It is said that many other journalists will also be exposed to the same treatment. Bağdat the online newspaper Diken, “For what other journalists have such rulings been given, who will be detained or whose passports will be seized? This is not just my problem only. It is said that such decisions have been made for thousands of journalists.”

Wealth Tax: How Non-Muslims of Anatolia Were Eliminated from the Economy

The current population of Turkey is about 80 million, but Christians and Jews only compromise 0.2 percent of it. And this unnatural decline of population took place not only as a result of mass slaughters and forced expulsions, but also as a result of several economic pressures against the country’s non-Muslim citizens.

The current rights violations against Armenian workers, employers or businesses − including unjust dismissals, arrests and seizures of properties − are reminiscent of what the non-Muslim communities in Turkey went through during the period of “the Wealth Tax Law.”

On Nov. 11, 1942, the government of the non-Islamist Republican People’s Party (CHP), led by the then-prime minister Sukru Saracoglu, enacted the Wealth Tax [6] Law.

The stated aim, wrote [7] scholar Basak Ince, “was to tax previously untaxed commercial wealth and to rein in the inflationary spiral of World War II. However, the underlying reason was the elimination of minorities from the economy, and the replacement of the non-Muslim bourgeoisie by its Turkish counterpart.”

The Wealth Tax Law divided the taxpayers in four groups, as per their religious backgrounds:

  1. Muslims
  2. Non-Muslims
  3. Converts (“donme”), i.e. members of a Sabbatean sect of Jewish converts to Islam
  4. Foreign nationals

Only 4.94 percent of Turkish Muslims had to pay the Wealth Tax. The Armenians were the most heavily taxed.

Turkish researcher Ridvan Akar, who wrote a book about the injustices of the Wealth Tax Law, referred [8] to the wealth tax as “economic genocide against minorities.”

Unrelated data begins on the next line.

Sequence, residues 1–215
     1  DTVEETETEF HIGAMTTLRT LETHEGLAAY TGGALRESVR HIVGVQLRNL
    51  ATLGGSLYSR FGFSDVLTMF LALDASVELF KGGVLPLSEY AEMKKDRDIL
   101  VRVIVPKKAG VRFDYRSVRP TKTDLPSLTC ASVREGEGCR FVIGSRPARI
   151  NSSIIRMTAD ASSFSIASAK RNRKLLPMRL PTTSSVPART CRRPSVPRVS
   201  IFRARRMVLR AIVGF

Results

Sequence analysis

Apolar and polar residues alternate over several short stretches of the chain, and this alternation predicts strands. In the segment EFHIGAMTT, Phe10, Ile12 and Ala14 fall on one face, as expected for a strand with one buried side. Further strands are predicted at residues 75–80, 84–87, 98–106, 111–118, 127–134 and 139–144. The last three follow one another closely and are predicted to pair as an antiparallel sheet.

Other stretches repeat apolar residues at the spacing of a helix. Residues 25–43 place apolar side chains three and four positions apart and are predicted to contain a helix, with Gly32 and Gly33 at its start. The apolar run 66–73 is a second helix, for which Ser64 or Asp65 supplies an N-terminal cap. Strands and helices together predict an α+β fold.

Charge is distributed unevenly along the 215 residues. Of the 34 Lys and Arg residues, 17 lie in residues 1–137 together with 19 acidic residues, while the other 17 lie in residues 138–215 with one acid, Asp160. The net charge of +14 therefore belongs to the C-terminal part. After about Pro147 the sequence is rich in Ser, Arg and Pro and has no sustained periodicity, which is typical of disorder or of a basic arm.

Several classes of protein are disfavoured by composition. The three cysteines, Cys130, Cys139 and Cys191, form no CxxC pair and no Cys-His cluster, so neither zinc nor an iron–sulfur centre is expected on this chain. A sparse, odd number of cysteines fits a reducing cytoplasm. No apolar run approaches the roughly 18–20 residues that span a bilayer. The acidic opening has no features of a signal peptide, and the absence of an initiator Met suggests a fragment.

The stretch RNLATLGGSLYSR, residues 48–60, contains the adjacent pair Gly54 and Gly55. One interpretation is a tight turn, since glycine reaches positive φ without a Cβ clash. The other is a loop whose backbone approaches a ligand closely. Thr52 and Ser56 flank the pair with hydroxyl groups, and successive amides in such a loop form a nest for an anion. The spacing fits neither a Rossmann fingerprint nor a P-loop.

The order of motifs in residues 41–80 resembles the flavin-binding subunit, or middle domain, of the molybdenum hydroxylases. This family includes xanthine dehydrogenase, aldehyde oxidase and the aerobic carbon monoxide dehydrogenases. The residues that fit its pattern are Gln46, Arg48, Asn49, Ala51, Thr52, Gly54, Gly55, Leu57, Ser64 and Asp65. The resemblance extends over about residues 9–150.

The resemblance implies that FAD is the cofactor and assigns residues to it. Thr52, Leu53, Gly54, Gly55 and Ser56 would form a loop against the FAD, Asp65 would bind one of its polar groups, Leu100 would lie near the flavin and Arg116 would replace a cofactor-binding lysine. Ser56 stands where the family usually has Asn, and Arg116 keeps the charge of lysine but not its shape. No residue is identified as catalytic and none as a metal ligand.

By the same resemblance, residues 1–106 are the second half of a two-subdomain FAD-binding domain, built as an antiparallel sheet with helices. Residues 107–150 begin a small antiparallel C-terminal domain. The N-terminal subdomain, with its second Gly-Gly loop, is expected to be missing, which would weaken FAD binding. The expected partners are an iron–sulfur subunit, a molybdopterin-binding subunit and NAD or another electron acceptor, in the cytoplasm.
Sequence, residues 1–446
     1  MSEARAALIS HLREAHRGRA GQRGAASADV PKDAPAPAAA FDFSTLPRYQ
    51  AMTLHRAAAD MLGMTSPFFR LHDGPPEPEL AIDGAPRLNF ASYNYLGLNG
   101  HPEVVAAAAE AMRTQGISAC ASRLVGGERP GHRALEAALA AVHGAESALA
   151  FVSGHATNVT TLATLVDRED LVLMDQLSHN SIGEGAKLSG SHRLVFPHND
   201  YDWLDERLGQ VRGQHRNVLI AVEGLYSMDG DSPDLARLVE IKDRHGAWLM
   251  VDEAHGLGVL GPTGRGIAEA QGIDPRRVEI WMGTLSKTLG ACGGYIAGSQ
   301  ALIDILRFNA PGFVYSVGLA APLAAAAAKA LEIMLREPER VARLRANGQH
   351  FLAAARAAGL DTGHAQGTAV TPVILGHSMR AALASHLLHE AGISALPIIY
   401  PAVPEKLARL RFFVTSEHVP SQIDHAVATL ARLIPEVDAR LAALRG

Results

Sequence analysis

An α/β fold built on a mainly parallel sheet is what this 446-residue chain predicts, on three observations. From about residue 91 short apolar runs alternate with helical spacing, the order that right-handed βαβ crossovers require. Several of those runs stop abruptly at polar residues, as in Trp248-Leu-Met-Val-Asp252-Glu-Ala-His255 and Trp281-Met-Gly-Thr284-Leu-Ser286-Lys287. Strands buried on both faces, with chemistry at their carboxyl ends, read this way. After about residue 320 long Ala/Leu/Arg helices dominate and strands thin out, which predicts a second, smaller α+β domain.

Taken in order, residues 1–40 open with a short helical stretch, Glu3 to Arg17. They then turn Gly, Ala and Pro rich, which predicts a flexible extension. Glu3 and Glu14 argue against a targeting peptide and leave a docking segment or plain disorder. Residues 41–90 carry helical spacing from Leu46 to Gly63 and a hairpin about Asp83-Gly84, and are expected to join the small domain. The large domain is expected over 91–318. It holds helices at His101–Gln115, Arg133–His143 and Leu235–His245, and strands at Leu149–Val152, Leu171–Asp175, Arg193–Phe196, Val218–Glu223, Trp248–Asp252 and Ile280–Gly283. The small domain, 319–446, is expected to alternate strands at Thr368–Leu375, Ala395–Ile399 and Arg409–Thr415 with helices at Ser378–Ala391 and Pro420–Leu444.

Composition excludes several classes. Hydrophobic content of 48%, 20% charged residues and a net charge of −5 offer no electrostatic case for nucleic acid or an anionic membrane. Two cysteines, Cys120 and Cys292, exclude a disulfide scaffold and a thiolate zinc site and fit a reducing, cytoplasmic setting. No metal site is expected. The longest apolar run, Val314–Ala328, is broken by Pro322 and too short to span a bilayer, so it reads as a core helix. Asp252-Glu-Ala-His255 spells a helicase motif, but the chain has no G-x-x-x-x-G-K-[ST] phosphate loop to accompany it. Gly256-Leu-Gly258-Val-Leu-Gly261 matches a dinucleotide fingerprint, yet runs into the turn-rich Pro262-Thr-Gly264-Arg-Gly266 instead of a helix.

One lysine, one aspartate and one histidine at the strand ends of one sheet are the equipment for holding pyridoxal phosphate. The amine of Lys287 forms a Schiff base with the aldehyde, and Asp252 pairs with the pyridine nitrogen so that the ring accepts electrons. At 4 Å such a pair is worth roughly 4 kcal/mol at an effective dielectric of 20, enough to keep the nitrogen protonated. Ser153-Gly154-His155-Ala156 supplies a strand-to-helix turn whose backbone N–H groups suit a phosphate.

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“The way in which the law was applied was scandalous,” wrote Ince, an assistant professor of political science. “Converts paid about twice as much as Muslims, while non-Muslims ended up paying up to 10 times as much. In addition, non-Muslims were required to pay their taxes in cash within 15 days; as a result, they had to sell their businesses or property to Muslim businessmen at low prices to cover the bill. The law was also applied to the many poor non-Muslims (numbering 26,000), such as drivers, workers and even beggars, whereas their Muslim counterparts were not obliged to pay any tax.”

Those who could not pay the taxes were sent to labor camps or deported, or their properties were seized by the government.

The labor camp was at Askale, near Erzurum, which the author the author Sidney Nowill described [9] as “an area cooler than Moscow in the winter.” The tax debtors were put to work breaking stones, but the tragedy did not end there.

“Out of 40,000 tax debtors,” Ince wrote, “about 5,000 were sent to these camps, and all of these were members of non-Muslim communities. Unfortunately, 21 people died in these camps and the government usurped their wealth and sold it to Turkish Muslims at low prices.”

The government also confiscated the property of the tax debtors’ close relatives, even if the persons had been sent into labor service.

In her book “Turkey, the Jews, and the Holocaust [10],” historian Corry Guttstadt wrote about the financial and psychological ruin the Wealth Tax inflicted on the non-Muslim citizens of Turkey:

“People who were unable to pay were granted a two-week extension on request, but interest was charged for this period. Many families were forced to sell their shops and businesses, their houses, even their carpets, furniture, and other household articles, to raise the tax money. Some people committed suicide in despair. The extraordinary tax was also levied on foreign Jews, and if they were in no position to pay, their property was confiscated down to the beds and cupboards.

“Although the law stipulated that people over 55 years old were exempt from labor service, 75- and 80-year-old men and even sick people were dragged to the train station and deported.”

Then-prime minister Saracoglu said, referring to the Wealth Tax Law, “This way, we’ll break the foreigners’ tight grip over our market and put Turkish money into the hands of Turks.”